The interesting thing about this film’s gentleman is that he is strongly associated with Bollinger. In fact, James Bond did not touch any Bolly until the eighth film Live and let die with Roger Moore from 1973.
In the films, this gentleman’s agent has a flair for everything from Smirnoff vodka and Bollinger’s champagnes. In the short stories, 007 drinks everything from Löwenbräu to Jack Daniel’s whiskey. It is with dismay that I discover that in the new film he is sipping on a Coca-Cola Zero (referred to as Coca Cola Zero Zero Seven)… Where is the world going? Thankfully, Bollinger announces that he will also be drinking a magnum 1999 La Grande Année encased in a futuristic package.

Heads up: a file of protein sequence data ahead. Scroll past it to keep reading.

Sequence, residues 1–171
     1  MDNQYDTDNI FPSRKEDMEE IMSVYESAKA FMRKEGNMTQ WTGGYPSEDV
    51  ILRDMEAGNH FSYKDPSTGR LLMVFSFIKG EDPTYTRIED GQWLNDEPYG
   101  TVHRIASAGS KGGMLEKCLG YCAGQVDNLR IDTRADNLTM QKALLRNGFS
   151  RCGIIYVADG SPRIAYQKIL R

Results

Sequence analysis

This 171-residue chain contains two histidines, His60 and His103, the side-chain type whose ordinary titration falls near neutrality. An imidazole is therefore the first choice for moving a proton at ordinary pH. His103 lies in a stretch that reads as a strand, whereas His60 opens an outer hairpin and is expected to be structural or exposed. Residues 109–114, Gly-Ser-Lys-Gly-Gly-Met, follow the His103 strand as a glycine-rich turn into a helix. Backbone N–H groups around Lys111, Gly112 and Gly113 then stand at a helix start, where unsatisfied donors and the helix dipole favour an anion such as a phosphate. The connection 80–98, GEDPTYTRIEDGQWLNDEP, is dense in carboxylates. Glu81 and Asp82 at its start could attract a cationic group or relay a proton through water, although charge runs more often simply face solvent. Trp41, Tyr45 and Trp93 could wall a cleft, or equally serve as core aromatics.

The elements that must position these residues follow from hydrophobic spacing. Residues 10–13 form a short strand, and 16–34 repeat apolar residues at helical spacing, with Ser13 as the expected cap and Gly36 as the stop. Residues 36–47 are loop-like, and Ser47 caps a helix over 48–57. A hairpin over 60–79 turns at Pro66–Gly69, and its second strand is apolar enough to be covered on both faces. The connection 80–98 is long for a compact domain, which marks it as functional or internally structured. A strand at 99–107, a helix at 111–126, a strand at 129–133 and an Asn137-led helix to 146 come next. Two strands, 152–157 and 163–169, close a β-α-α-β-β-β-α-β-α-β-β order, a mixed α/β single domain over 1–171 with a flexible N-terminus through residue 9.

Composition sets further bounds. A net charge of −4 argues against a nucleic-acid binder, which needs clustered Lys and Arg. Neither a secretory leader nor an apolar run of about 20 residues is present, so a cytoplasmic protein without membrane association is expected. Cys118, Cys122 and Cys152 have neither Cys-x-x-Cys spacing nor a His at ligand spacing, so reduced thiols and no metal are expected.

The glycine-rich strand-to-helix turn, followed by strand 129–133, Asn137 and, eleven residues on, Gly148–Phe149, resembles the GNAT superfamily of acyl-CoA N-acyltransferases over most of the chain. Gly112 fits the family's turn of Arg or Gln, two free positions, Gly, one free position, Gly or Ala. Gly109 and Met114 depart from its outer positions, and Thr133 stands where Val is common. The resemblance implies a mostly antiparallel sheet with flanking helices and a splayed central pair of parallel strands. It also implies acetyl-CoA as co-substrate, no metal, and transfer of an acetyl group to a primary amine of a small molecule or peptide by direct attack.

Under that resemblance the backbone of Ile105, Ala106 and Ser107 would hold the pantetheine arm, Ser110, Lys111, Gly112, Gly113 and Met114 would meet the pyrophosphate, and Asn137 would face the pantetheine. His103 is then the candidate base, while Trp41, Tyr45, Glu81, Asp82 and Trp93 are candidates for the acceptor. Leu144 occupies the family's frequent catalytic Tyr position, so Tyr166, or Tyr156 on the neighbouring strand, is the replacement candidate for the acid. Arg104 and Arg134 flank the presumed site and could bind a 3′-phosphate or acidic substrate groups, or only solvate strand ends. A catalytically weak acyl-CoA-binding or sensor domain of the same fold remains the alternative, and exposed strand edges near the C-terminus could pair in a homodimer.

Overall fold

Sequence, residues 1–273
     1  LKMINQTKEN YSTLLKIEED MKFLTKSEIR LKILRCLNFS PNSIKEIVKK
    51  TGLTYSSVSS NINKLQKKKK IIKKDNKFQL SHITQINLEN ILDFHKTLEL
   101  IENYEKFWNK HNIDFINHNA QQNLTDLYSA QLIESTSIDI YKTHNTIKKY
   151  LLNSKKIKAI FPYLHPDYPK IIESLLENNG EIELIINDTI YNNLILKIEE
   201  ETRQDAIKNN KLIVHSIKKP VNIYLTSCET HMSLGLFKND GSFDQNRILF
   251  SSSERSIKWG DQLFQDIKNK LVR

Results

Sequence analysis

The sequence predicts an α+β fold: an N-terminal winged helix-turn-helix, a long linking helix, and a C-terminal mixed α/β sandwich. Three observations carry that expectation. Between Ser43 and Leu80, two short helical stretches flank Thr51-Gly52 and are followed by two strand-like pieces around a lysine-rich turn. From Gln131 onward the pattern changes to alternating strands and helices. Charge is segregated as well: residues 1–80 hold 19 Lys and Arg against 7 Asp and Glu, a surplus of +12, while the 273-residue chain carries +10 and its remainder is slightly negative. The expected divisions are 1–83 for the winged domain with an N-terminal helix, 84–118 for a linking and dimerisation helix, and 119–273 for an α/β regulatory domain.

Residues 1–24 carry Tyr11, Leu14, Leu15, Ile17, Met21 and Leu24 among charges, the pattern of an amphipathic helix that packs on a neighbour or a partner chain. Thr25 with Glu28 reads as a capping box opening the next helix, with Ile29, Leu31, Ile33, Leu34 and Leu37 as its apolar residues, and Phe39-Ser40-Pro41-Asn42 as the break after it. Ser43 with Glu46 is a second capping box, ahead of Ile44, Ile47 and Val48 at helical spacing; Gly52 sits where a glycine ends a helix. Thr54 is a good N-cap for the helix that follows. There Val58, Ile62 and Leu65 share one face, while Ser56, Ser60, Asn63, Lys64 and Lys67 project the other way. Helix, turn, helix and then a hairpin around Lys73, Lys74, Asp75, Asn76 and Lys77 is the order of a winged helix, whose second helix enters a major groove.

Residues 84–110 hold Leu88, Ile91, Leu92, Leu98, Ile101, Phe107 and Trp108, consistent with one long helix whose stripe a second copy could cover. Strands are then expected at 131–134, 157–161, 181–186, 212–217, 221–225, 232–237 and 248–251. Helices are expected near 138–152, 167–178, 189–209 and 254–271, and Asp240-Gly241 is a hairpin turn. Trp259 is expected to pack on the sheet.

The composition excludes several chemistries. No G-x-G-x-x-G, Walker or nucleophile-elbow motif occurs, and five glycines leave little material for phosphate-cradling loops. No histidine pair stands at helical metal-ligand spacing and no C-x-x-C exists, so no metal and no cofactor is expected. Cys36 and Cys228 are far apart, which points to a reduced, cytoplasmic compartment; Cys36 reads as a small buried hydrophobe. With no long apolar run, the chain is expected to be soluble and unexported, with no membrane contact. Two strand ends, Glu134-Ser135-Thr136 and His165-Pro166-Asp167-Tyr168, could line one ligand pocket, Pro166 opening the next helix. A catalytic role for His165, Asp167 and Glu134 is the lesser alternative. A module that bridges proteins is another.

Product palcement is not a new venture in film and culture if you think so. Beverage-related product placement is dated by historians back a couple of millennia, at least to ancient Rome. The poets Horace (65 to 8 BC) and Martial (about 40 to 104 AD) both mention specific wines. According to author and historian John Hood (Selling the Dream: Why Advertising Is Good Business), they may have been paid by wine-producing areas for this purpose.